Local view for "http://purl.org/linkedpolitics/eu/plenary/2012-05-09-Speech-3-027-000"

PredicateValue (sorted: default)
dcterms:Is Part Of
lpv:document identification number
lpv:translated text
"Mr President, you mentioned Europe’s changes, its challenges, but also its successes. Thus, Europe once again faces the risk of political destruction. However, we Social Democrats, and I believe many of us, do not want a war between generations, or a war between nationals and migrants, or a war between social partners. On the contrary, we want social peace in Europe to be safeguarded and restored. My group – and I have repeatedly made this clear – is not opposed to a policy of budgetary consolidation. What we are currently seeing in Europe, however, is an economy drive that often has the opposite effect. Key investments have been and are being neglected. The level of public investment has therefore fallen dramatically in recent years. What do the Heads of Government – and unfortunately also often the Commission – concern themselves with instead? With further budget cuts, instead of growth and investment. This policy only leads to even greater deficits. Slowly, people are beginning to rethink. For us, however – and I will say this quite openly and honestly – it is far too tentative. We do not need lip service or sops; what we need is greater scope for public investment. We also need a new truly golden rule; that is, a rule for growth and employment that combines budgetary discipline with investments to generate growth and employment. We do not need a golden rule which, in reality, is nothing more than a stolid austerity policy and which makes false promises regarding growth and employment. Above all – as you also mentioned, Mr President – we need jobs for young people. How can we expect young people to be enthusiastic about Europe if, at the same time, we are producing and tolerating mass unemployment in Europe? That is why the Group of the Progressive Alliance of Socialists and Democrats in the European Parliament is calling for an employment and training guarantee for young people. Young people in Europe need to have jobs again. Only then will they be enthusiastic about Europe. However, social Europe must include everyone who lives and works in Europe – including those who have come here from elsewhere. In particular, we need to address those who were actually born in Europe but are still considered foreigners or outsiders. Integration does not just mean integration between different countries; it also means integrating all our fellow citizens into daily life and into political decision-making processes. A crisis that threatens our social peace does not need barriers and exclusion, but rather openness and inclusion. In contrast to Geert Wilders, Marine Le Pen and the neo-fascist Chrysi Avgi party in Greece, we want to say clearly to these, our fellow residents, that the European Union is their home too, and that they, too, should feel at home here in Europe. Ladies and gentlemen, today, our group invited some young visitors to join us in debating the future of Europe, and one person taking part expressed the opinion that the crisis was not a punishment from God, but was instead of our own making. That is why we must come out of the crisis together. This Parliament should recognise the signs of the times. We have many differences when it comes to details, but we need to fight the destructive forces in Europe together. Together, we must ensure that social peace can be restored in Europe. My group is prepared to defend and strengthen Europe. I hope that many will join us; that this Europe – of which you have spoken so positively, Mr President – is also our common Europe. For all of us. There are also disappointments, however. The recent results of the elections in Greece were undoubtedly a bitter disappointment for us. The people of Greece are also disappointed in Europe, however. They are in despair. The elections were an expression of hopelessness and of opposition to social injustice. Europe failed to understand that as well as calling for the necessary reforms, it also needed to light a beacon of hope. Yet there is hope: There are already good signs of change. The French people have elected a President who represents social justice and European values. I should also like today to congratulate François Hollande on his election. I, too, think that ‘change is now!’ As Martin Wolf – no social democrat – wrote today in the : Hollande ‘alone of European leaders has the desire and the ability to try’ to bring Europe out of the crisis. We have to do so. Europe will only be a success if we are able to overcome this crisis. So that everyone understands this correctly, particularly those on the right – in Germany, for example – I will say that German is not the only language being spoken in Europe right now; people are also speaking French and, above all, they are speaking the language of social democracy – and not just in France, but in Romania and other countries too. Ladies and gentlemen, Europe Day was originally supposed to make us remember the destruction of our continent by major wars and the reconstruction that was necessary. Millions of people had to die before we set about creating peace between the countries of Europe. This peace project remains inspirational even today. However, Europe has to offer more than just peace between its peoples. Particularly given the crises, we also have to defend and fortify the social peace that is currently in jeopardy. An austerity policy that mainly affects the weakest in society threatens this social peace, engenders resistance and unrest, and, as a result, the people of Europe feel insecure and do not feel confident that they are in good hands. The consequence is often support for extremist and frequently anti-European parties."@en1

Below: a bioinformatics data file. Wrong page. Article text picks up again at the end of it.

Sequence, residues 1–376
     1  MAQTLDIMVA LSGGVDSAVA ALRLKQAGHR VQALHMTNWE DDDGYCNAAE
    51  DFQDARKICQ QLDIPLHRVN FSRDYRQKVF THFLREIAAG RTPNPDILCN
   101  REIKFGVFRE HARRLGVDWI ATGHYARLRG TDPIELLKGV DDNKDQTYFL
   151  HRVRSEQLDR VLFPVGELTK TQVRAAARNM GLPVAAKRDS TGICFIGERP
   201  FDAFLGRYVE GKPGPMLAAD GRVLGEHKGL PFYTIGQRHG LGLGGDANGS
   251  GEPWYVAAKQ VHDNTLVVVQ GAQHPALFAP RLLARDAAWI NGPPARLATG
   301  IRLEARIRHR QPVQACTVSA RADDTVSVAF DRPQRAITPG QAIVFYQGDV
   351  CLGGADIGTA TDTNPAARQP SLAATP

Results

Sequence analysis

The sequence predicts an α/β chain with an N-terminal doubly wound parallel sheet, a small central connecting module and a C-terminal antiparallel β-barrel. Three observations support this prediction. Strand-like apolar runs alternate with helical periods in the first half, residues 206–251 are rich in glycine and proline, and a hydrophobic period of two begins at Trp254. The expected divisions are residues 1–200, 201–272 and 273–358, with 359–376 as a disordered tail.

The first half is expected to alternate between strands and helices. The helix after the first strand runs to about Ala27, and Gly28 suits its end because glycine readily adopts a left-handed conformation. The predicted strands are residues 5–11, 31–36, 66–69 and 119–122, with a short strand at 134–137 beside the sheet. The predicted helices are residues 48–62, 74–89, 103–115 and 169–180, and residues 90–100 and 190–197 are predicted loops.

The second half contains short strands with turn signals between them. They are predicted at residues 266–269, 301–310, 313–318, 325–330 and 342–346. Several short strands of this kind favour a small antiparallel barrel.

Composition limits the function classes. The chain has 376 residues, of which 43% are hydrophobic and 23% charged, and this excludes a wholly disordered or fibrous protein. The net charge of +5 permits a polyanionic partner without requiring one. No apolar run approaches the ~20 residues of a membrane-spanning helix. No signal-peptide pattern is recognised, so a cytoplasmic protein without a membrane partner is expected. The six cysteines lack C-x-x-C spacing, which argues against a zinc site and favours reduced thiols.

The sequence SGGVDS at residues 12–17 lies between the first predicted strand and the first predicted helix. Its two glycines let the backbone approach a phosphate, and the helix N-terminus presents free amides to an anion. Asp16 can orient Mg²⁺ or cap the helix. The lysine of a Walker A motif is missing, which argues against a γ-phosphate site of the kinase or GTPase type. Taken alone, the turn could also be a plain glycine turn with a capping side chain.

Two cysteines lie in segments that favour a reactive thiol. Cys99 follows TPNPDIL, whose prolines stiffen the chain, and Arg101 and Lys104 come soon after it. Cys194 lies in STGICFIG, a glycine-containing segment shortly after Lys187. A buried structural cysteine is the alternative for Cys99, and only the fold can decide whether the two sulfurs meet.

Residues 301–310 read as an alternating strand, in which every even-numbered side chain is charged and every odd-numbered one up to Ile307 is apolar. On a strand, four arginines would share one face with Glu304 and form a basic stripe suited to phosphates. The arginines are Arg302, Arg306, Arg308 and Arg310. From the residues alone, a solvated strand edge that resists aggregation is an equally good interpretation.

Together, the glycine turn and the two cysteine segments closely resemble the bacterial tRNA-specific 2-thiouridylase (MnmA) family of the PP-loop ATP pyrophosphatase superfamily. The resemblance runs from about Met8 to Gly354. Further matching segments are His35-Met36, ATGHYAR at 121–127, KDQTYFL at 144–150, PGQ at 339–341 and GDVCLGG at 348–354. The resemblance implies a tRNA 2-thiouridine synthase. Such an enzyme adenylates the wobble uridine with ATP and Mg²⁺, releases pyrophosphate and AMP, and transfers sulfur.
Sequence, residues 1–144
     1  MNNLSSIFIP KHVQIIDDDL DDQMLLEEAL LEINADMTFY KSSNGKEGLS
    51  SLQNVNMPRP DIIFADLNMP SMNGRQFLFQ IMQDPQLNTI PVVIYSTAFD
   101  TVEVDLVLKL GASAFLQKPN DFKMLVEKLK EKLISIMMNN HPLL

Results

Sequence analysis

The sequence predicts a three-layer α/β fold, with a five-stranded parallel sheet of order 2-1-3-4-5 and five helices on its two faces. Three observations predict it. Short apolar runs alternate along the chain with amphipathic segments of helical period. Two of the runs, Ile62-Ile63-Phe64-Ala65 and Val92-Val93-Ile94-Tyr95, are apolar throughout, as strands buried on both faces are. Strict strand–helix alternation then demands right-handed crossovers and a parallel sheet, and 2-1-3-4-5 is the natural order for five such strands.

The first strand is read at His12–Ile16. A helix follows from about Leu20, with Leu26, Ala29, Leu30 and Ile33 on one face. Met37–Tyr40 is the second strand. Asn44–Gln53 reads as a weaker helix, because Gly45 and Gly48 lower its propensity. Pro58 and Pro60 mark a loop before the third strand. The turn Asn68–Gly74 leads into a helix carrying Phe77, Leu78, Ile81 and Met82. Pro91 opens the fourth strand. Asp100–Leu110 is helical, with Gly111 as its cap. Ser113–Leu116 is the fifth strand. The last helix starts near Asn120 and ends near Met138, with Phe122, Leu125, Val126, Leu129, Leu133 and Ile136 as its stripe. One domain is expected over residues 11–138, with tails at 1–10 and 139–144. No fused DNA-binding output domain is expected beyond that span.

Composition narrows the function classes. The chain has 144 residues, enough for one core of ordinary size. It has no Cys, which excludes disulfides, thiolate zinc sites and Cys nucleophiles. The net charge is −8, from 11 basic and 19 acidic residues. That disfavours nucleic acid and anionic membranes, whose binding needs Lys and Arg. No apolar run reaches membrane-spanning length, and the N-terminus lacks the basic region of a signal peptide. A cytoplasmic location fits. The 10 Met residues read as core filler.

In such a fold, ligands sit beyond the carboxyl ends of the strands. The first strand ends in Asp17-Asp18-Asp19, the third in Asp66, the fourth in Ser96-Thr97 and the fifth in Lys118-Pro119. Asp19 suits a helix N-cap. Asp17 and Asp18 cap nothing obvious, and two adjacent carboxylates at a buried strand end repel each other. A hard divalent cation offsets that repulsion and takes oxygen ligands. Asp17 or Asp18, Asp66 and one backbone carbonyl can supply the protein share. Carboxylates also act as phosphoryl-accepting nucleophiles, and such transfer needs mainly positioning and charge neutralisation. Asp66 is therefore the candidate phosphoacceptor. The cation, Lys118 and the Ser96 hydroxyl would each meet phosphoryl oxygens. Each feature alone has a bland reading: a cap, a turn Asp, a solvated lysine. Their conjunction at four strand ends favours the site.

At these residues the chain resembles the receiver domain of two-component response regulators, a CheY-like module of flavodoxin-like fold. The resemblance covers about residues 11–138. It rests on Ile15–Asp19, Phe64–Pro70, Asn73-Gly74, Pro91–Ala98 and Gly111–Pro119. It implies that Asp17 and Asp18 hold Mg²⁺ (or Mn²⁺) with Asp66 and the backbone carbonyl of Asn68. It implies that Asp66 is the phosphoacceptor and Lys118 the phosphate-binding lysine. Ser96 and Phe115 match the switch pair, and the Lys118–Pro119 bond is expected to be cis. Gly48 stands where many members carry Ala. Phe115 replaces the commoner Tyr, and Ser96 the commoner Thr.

Named graphs describing this resource:


The resource appears as object in 2 triples

Context graph